Saturday, March 5, 2011

Gimbap: not "Korean sushi"

When I had to explain to my friends what gimbap is, I used to say, "It's Korean sushi." True, gimbap is like a type of sushi. It is very similar to the makizushi (rolls); specifically futomaki ("thick rolls"). The Japanese futomaki is rice rolled into a cylinder with dried seaweed, with two or three fillings. Futomaki is about 1.5 inches in diameter, and one order of futomaki usually consists of six or eight pieces. The fillings are usually vegetarian, but sometimes have non-vegetables such as fish or fish roe. Gimbap is similar to futomaki in that they are both rice rolls wrapped with seaweed and stuffed with various fillings. But it does not do justice to gimbap to say it is "Korean sushi;" gimbap has its own unique qualities and characteristics that distinguish it from the better known sushi.

Gimbap is a very popular picnic food. In Western cultures, people take sandwiches--Koreans make gimbap. I remember my Korean childhood, when I would go to field trips and class picnics toting my lunchbox packed with gimbap. My friends and I would sit in a circle at lunchtime, comparing what fillings others have in their gimbaps, sharing and tasting each one. Gimbap has no restrictions on their fillings. Depending on preference, gimbap can have meat, fish, and vegetables. Gimbap also usually has many more fillings than futomaki does; a standard gimbap may have egg, picked radish, some kind(s) of meat (most popular choices are ham, beef, or tuna), crab sticks, and one or two more kinds of vegetables. Due to this harmony of various flavours in one roll, there is no need for additional sides of soy sauce or pastes (such as wasabi). The seaweed for gimbap itself is already seasoned with a light coat of sesame sauce and a drizzle of sesame seeds.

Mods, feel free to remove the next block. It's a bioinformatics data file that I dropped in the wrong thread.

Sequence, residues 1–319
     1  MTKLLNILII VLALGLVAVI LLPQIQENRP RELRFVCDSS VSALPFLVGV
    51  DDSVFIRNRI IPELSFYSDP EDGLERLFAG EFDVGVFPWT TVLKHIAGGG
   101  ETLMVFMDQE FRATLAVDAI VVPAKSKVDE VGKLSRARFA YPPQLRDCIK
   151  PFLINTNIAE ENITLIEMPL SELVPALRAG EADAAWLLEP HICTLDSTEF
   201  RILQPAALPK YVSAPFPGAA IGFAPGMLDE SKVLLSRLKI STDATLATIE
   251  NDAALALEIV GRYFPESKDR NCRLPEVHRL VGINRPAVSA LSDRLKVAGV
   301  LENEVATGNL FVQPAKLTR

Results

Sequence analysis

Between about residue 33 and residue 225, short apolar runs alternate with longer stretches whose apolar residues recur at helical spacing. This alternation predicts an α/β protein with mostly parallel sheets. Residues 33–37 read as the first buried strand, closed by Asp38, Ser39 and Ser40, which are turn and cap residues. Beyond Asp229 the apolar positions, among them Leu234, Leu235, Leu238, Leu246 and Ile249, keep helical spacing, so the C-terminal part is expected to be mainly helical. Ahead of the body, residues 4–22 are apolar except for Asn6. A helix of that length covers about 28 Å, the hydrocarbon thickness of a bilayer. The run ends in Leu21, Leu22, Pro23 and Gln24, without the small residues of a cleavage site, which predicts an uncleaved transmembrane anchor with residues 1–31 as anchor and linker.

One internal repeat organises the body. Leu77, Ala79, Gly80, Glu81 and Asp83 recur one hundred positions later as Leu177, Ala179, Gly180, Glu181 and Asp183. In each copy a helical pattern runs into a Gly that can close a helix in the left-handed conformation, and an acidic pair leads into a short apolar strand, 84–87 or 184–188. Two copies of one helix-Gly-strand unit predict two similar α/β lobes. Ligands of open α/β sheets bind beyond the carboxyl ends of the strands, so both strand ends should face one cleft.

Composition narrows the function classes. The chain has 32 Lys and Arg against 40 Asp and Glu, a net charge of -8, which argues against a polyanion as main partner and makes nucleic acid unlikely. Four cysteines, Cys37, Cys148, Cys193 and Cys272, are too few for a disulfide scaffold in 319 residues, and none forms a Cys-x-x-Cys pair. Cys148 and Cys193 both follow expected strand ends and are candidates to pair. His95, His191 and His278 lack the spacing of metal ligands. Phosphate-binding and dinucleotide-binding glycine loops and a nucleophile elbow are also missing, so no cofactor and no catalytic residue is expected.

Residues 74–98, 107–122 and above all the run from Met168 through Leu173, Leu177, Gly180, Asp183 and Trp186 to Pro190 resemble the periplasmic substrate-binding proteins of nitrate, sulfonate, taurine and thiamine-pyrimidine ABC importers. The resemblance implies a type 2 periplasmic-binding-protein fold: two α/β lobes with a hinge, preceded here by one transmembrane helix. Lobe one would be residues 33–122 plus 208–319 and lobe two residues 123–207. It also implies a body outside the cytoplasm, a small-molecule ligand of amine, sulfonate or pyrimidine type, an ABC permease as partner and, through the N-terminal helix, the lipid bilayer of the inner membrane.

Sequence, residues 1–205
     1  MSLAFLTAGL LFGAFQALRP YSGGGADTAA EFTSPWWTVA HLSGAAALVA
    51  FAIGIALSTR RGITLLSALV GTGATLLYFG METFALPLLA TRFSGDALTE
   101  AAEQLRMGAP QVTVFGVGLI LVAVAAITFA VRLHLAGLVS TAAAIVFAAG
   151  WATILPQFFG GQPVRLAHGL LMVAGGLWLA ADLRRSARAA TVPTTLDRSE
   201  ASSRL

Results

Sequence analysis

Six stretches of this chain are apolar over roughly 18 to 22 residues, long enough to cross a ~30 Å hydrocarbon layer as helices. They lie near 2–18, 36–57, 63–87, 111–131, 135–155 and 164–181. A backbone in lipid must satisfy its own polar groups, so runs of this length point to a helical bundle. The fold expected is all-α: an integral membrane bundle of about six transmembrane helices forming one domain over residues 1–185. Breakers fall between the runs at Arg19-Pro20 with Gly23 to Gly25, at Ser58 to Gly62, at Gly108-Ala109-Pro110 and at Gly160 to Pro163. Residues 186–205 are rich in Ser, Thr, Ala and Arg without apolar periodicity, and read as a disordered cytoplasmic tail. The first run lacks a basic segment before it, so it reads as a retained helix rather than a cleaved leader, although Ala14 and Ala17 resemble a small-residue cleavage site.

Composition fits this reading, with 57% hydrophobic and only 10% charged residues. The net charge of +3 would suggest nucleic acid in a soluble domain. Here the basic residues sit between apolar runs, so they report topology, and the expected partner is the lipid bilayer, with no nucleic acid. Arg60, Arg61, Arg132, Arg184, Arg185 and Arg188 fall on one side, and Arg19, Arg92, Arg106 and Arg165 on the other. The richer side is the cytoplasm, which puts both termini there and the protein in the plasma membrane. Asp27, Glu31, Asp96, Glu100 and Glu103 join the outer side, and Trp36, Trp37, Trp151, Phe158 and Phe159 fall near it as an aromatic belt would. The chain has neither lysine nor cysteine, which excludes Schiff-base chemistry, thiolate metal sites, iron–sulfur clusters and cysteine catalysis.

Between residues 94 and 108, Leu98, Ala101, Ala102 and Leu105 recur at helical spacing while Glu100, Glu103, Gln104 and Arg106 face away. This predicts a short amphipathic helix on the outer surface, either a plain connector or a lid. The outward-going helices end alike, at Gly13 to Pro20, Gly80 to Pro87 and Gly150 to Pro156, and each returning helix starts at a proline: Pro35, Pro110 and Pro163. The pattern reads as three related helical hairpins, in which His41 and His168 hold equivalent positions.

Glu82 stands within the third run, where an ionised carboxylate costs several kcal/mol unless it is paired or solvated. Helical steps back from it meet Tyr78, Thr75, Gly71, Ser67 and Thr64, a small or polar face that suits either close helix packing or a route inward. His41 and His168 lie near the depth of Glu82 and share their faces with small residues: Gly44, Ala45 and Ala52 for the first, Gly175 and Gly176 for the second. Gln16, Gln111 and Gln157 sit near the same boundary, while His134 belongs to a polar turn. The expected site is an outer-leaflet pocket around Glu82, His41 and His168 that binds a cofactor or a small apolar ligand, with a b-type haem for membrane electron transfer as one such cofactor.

Gimbap is incredibly popular in Korea for its convenience. It is bite-sized, sliced into more pieces and has a smaller diameter than futomaki. Also, it is great for those who don't have time to sit down at a restaurant or those who cannot carry around a lunchbox. Franchise gimbap stores usually sell gimbap in its original cylindrical form (except sliced), wrapped with cooking foil. However, Koreans do enjoy their gimbap with the company of hot soup, kimchi, or pickled radish.

Gimbap definitely has its own merits that are too good to be in the shadow of sushi. Next time anyone asks, I will make sure they understand what sets gimbap apart from sushi. But it would be best for people to find out themselves by tasting one. It is much more satisfying to experience a hidden gem than hear about it.


  1. Hey! That's a very interesting post. I was also wondering - are there any differences in the rice and seaweed used, compared to Japanese sushi?

  2. Hi Zhana! Traditionally, sushi rice contains a mix of vinegar, salt, and sugar. Gimbap rice may or may not have the said ingredients, but usually has at least one of them to add flavour. On the other hand, gimbap seaweed is usually adorned with sesame seeds and sesame oil, while sushi seaweed is pretty much plain seaweed.



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